Don't Talk About Medicare Costs

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The Bush administration threatens to fire a bureaucrat for speaking his mind about how bloody expensive its pet Medicare expansion will be. From the Washington Post story:

The government's longtime chief analyst of Medicare costs said yesterday that Bush administration officials threatened to fire him last year if he disclosed to Congress that he believed the prescription drug legislation favored by the White House would prove far more expensive than lawmakers had been told.

Richard S. Foster, a nonpartisan Department of Health and Human Services official who has been Medicare's chief actuary for nine years, said he nearly resigned in protest because he thought the top Medicare administrator, and perhaps White House officials, were acting against the public interest by withholding information about how much changes to the program would cost.

"Certainly, Congress did not have all the information they might have wanted, or that we had," Foster said in an interview.

We have already seen an upward adjustment of estimated one-decade cost of the new benefit from $395 billion to $534 billion. I think we can safely add "and counting" to that number.

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  1. The tragicomedy that follows will be when the same folks that complained that the bill was not nearly enough suddenly get their ire up about costs.

  2. There’s a WMD joke in this somewhere, but I just can’t find it…

    My question is, why didn’t Foster resign? If you believe in your work, why allow the White House to blatantly misrepresent it to the public?

  3. I’m almost positive Congress would reform Medicare and bring the costs in line if they only “knew” the facts. Whether it’s Bush’s bill or Kerry’s, we continue to throw billions of dollars away instead of actually reforming the system. On the bright side, if Foster gets fired or resigns, that’s one less bureaucratic salary to charge to the Medicare boondoggle.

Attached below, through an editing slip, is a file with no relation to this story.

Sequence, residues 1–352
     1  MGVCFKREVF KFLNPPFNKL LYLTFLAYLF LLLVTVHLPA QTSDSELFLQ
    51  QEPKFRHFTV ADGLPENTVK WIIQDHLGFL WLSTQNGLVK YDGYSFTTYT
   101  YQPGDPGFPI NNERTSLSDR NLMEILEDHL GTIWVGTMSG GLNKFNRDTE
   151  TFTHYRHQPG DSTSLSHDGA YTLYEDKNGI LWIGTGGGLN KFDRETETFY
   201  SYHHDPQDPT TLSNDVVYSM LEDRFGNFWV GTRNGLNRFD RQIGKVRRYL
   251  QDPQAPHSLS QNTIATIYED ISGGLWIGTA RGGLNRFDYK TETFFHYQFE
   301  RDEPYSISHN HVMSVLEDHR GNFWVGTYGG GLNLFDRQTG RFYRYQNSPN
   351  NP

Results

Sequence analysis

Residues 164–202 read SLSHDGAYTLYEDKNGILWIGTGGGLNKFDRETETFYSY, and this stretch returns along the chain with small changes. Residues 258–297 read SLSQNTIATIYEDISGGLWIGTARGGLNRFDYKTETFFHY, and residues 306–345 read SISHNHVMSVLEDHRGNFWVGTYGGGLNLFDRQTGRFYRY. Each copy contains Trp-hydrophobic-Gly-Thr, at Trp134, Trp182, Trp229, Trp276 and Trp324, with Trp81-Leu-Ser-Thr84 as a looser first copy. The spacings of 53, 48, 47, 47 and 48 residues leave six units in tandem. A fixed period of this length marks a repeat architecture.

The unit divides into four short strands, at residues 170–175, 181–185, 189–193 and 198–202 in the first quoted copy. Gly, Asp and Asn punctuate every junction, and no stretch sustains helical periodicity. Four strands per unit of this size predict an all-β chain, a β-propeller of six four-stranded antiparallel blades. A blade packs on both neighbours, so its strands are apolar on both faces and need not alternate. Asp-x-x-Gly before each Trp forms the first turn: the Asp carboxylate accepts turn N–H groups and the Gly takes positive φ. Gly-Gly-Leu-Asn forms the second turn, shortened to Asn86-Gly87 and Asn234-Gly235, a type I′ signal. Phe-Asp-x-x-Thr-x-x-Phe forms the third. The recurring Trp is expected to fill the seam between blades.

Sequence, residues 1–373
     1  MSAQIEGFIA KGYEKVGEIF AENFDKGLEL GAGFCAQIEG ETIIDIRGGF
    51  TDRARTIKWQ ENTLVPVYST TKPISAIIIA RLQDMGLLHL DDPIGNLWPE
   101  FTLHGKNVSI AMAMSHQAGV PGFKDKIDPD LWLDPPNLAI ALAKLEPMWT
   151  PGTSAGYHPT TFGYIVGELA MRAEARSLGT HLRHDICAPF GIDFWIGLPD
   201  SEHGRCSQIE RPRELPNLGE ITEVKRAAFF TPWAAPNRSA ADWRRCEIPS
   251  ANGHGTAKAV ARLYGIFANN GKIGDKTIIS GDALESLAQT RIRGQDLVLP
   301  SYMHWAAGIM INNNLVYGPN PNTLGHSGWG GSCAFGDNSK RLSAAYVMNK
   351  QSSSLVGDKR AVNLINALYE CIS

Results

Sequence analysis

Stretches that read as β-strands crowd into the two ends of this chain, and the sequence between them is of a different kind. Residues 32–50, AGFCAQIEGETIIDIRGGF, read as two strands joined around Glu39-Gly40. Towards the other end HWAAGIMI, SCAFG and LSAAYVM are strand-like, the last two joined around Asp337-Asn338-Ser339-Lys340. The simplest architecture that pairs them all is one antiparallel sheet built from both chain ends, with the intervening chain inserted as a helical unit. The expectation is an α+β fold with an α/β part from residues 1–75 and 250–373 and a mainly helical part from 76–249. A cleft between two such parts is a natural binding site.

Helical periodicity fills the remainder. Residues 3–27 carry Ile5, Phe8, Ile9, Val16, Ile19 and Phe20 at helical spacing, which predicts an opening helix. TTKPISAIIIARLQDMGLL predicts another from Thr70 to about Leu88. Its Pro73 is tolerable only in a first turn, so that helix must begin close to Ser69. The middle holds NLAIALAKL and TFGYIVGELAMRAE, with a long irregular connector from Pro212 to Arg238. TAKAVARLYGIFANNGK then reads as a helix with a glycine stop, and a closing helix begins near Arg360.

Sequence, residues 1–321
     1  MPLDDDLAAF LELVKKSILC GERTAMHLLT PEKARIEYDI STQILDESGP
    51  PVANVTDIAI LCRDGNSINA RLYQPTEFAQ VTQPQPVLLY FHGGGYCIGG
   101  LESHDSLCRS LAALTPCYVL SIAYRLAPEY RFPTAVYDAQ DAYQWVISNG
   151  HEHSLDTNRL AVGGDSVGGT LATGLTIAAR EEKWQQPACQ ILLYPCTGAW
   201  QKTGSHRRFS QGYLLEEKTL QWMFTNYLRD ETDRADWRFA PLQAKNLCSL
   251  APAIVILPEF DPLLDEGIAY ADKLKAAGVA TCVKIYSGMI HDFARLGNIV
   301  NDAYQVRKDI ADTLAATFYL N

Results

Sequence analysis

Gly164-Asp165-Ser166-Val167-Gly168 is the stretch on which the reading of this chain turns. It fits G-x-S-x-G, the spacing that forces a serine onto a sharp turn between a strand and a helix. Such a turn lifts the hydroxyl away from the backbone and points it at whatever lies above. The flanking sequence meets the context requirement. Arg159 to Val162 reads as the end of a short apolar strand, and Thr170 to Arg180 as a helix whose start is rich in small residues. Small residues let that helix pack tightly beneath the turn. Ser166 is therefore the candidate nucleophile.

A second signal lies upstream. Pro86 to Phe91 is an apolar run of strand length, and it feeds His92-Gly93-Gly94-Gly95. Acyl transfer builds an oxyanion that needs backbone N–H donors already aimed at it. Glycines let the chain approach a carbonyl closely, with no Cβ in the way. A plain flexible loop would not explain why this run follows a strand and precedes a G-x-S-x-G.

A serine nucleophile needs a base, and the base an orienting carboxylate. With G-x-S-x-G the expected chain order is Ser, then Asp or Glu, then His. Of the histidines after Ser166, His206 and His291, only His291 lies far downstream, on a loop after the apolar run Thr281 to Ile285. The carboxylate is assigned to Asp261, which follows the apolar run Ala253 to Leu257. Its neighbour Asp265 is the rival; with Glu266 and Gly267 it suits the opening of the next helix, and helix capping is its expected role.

4. “Richard S. Foster … said he nearly resigned in protest …”

    That “nearly” is what makes the difference between a champion of fiscal responsibility, and just another government weasel.

  5. So the cheif actuary claims that he intentionally produced a misleading actuararial report a year ago. And he still hasn’t resigned?

  6. {We have already seen an upward adjustment of estimated one-decade cost of the new benefit from $395 billion to $534 billion. I think we can safely add “and counting” to that number.}

    It’d be more accurate to just start adding zeros.

    {So the chief actuary claims that he intentionally produced a misleading actuarial report a year ago. And he still hasn’t resigned?}

    By staying put he’s making the point that he “intentionally produced a misleading actuarial report a year ago” yet will only be fired if he talks about it. I bet the Enron beancounters wish they had that kind of job security.

  7. “Certainly, Congress did not have all the information they might have wanted, or that we had,”

    Does he really believe that the drug plan would not have passed if the Congress knew what he knew? I don’t think so. I think every member with couple of good neurons to rub together knew the cost of the plan was being seriously lowballed, the majority just did not care. As soon as Bush and the GOP leadership decided it was politically expedient to pass some kind of drug plan, it was ordained to become law , no matter how fiscally irresponsible it was.

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